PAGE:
Dead Rising 2: Case West (XBOX 360) Review

Dead Rising 2: Case West (XBOX 360) Review
| Jan 4, 2011

It’s not surprising Frank West survived the zombie outbreak from the original Dead Rising, he’s an endearing character. Full of a biting attitude and dogged perseverance, Capcom would have been crazy to kill off such a fan favourite. It’d be hard to write that death convincingly too, Frank’s no slouch. He’s covered wars, you know?

Dead Rising 2: Case West is a sequel to Dead Rising 2 that picks up almost immediately after the events of the main game. Much like the previously released Dead Rising 2: Case Zero the game is a shorter, self-contained XBLA title that doesn’t require owning Dead Rising 2 to play.

You’d never be able to tell it though, the game is symmetrical to the core experience but simply condensed in to a 3 or 4 hour experience without a lot of the series’ trademark backtracking and non-sequitur side missions. In fact, it might be worth making a case that because the game doesn’t carry the trappings of a regular Dead Rising experience it’s a far more approachable game.

Designed from the start to be a co-op experience, online players can jump in and out of the game taking over the usually NPC Frank West. Solo players and game hosts unfortunately won’t have an opportunity to play as Frank, but Capcom has seen it fit to make both character’s trademarks available to all players.

Like the core game, a big part of the Dead Rising 2: Case West experience is weapon creation and implementation. Both Chuck and Frank have the ability to craft new weapons from stuff they collect through their mission. Be it an old classic like the (water gun + gasoline) flamethrower or something unique to Case West like zombie-exploding sterilizer (chemicals + syringe gun), there’s still a lot of fun to be had making your own weapons.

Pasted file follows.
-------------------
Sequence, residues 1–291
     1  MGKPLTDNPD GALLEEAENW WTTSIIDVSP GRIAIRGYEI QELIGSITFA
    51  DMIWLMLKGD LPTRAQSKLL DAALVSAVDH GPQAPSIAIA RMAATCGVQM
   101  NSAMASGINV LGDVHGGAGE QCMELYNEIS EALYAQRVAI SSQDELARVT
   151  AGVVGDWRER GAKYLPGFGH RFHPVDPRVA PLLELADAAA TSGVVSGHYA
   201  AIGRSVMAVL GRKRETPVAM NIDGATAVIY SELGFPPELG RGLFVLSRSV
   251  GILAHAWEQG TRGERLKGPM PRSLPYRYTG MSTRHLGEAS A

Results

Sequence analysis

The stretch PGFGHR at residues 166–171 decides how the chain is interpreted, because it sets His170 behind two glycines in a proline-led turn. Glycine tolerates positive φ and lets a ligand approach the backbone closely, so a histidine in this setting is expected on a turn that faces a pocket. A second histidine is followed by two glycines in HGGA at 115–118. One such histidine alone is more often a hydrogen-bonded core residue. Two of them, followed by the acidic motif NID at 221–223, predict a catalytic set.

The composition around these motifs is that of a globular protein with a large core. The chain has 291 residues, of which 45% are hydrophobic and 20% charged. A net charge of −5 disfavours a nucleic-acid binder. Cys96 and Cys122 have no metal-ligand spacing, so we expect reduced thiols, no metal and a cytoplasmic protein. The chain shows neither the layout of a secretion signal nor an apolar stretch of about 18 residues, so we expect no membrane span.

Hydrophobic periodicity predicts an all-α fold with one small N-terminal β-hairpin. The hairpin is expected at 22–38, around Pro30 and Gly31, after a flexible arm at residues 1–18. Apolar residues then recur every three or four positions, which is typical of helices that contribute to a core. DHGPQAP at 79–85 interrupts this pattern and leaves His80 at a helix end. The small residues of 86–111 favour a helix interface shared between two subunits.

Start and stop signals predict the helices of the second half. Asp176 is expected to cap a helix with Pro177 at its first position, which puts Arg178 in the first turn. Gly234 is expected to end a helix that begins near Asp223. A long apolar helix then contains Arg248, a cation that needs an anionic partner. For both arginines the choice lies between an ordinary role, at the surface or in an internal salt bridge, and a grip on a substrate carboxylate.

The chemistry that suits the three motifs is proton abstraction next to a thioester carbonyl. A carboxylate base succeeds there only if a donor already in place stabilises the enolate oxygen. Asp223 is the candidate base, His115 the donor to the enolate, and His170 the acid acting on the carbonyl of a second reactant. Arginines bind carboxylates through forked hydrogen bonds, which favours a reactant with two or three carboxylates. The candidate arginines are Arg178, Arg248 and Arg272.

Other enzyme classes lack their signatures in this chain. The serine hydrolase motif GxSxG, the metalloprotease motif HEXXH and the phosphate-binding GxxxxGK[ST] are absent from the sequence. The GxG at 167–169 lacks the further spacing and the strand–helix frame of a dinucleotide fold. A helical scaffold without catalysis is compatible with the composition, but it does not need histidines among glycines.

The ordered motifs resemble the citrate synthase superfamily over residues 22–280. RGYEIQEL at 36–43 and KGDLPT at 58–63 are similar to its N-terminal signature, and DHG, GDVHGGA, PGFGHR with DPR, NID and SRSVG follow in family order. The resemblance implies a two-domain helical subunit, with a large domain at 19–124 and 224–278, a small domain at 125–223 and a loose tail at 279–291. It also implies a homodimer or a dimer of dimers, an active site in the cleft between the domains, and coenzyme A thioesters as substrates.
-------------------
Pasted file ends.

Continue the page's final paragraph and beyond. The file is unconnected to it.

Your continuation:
The workbench is Chuck’s domain though, and this is Frank’s game. Like the original Dead Rising players will finally have another opportunity to take pictures of the mayhem they cause. By holding the aim trigger and hitting the right bumper, players can access either Frank’s SLR or Chuck’s dinky disposable camera (they play the same, but the distinction is humorous). Unfortunately there’s no scoring or even a real reason to take the photographs, but it’s a fun addition for those moments you want to catch something bizarre on film.

Gameplay-aside, the duo is a natural pair. Right from the start Chuck and Frank play off each other incredibly well, offering that same comedic-badass vibe you get from classic buddy-cop films like Bad Boys or Rush Hour. That’s not to say they’re constantly cracking jokes or kicking in doors, but there’s a certain amiable animosity between the pair that keeps things interesting right through.

Like the basic Dead Rising experience, you’ll still find hapless survivors through the game. However, a large majority of the quests they give either require you to bring them a specific weapon or just help out killing the zombies that have them pinned. For some reason the NPCs seem a lot more capable than the helpless victims on Dead Rising 2’s Fortune City.